1st Edition

English Morphology for the Language Teaching Profession

ISBN 9780367428013
Published February 12, 2020 by Routledge
190 Pages

USD $48.95

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Book Description

This highly accessible book presents an overview of English morphology for all those involved in the English-language teaching industry. For non-native learners, the ability to recognize and produce new words in appropriate circumstances is a challenging task, and knowledge of the word-building system of English is essential to effective language learning. This book clearly explains the morphology of English from the point of view of the non-native learner and shows how teachers and professors can instruct EFL students successfully with effective materials.

Covering the scope of the task of teaching English morphology specifically to non-native learners of English, bestselling authors Bauer and Nation provide a range of strategies and tactics for straightforward instruction, and demonstrate how teachers of English as a foreign language can easily integrate learning of the morphological system into their language courses. This book helps teachers and learners make sensible decisions about where to focus deliberate attention, what to be careful about, and what not to be concerned about. It offers a range of shortcuts, tips and tricks for teaching, and gives detailed practical information on topics including:

  • Sound and spelling
  • Possessives
  • Comparative and superlative
  • Past tense and past participle
  • Making nouns, verbs, adjectives, adverbs and words with prefixes
  • Learned word-formation.

This book is essential and practical reading for graduate students on English-language teaching courses, preservice teachers, consultants, practitioners, researchers and scholars in ELT.

Table of Contents

1. Learning English morphology

1.1 Word building

1.2 The scope of the task

1.3 The importance of morphological knowledge

1.4 What learners need to know

1.5 How to develop morphological knowledge

1.6 How to give deliberate attention to word parts

1.7 Testing knowledge about morphology

1.8 Applying the knowledge found in this book

2 Assumptions

3 Sound and spelling

3.1 Introduction

3.2 Sounds

3.3 Spelling rules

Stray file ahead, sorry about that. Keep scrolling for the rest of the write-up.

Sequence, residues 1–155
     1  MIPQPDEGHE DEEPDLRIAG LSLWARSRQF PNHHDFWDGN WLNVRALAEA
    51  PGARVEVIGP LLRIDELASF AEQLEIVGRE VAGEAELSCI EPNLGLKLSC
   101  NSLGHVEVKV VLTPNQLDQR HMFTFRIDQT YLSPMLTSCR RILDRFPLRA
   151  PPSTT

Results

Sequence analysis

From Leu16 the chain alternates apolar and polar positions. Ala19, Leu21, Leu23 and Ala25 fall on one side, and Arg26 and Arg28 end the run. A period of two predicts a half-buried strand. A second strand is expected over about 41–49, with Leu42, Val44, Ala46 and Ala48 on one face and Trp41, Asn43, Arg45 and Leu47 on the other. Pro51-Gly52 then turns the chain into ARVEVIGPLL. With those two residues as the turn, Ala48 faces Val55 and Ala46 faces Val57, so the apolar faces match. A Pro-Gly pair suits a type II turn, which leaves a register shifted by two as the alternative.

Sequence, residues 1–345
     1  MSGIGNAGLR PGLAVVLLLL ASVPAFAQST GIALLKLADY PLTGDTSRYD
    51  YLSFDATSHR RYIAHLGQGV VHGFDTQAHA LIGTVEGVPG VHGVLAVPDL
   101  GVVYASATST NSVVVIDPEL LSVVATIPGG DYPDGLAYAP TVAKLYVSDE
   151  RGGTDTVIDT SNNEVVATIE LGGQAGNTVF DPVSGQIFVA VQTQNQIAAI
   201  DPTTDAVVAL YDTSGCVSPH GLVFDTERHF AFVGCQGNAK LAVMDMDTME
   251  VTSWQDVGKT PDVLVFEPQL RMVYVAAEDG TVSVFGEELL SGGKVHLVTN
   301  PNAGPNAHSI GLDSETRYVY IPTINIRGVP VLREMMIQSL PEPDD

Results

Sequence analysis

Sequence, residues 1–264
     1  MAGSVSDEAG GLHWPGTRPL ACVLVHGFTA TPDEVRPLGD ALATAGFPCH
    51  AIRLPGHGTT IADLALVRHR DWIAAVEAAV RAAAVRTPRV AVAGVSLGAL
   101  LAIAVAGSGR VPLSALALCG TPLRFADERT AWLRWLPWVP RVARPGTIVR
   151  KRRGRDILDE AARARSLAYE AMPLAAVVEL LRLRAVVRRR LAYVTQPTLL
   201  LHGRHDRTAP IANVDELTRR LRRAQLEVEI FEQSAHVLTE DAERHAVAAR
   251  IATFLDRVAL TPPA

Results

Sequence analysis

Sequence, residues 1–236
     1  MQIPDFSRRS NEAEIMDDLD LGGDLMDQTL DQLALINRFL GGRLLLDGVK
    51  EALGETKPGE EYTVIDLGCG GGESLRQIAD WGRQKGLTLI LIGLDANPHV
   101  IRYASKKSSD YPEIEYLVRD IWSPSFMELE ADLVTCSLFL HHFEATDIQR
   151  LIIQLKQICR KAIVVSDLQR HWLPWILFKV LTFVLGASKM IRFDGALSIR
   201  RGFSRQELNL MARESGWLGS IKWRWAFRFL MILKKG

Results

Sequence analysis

3.4 Sound rules

4 Plural of nouns

4.1 The regular case

4.2 Umlaut plurals

4.3 Plurals with voicing of the last base consonant sound

4.4 N-plurals

4.5 Regular plurals of nouns ending in <o>

4.6 Unmarked plurals

4.7 Foreign plurals

4.8 Plurals with an apostrophe

4.9 Problems with plurals

4.10 Words with only plural form

5 Possessives

5.1 Introductory remarks

5.2 Possessives on pronouns

5.3 Possessives on nouns

6 Comparative and superlative

6.1 Introductory comments

6.2 Adjectives

6.3 Adverbs

7 Third person singular -s

7.1 Irregular forms

7.2 The regular case

8 The -ing form of the verb

9 Past tense and past participle

9.1 Introduction

9.2 The regular verbs

9.3 Irregular verbs

10 Numbers

10.1 The basic numbers

10.2 13-19

10.3 20-90

10.4 Ordinal numbers

10.5 Distributive numbers

10.6 Oddities

11 Compounds

11.1 Introduction

11.2 Verbal nexus compounds

11.3 Endocentric compounds

11.4 Other types of compound

12 Making nouns

12.1 Nouns from other nouns

12.2 Nouns from verbs

12.3 Suffixes associated with people

12.4 Suffixes primarily denoting events

12.5 Nouns from adjectives

13 Making verbs

13.1 Making verbs with suffixes

13.2 Making verbs with prefixes

14 Making adjectives

14.1 Adjectives from nouns

14.2 Adjectives from verbs

14.3 Adjectives from other adjectives

15 Making adverbs

15.1 Introduction

15.2 The suffix -ly

15.3 Other suffixes

16 Making words with prefixes

16.1 Negation

16.2 Location

16.3 Size

16.4 Numbers

17 Making words without affixes

17.1 Relationships between words of the same form

17.2 Relationships between words with related but different form

18 Learned word-formation

18.1 Greek compounds

18.2 Latin verbs

19 Morphology and frequency

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Laurie Bauer is Emeritus Professor of Linguistics at Victoria University of Wellington, New Zealand.

I.S.P. Nation is Emeritus Professor of Applied Linguistics at Victoria University of Wellington, New Zealand.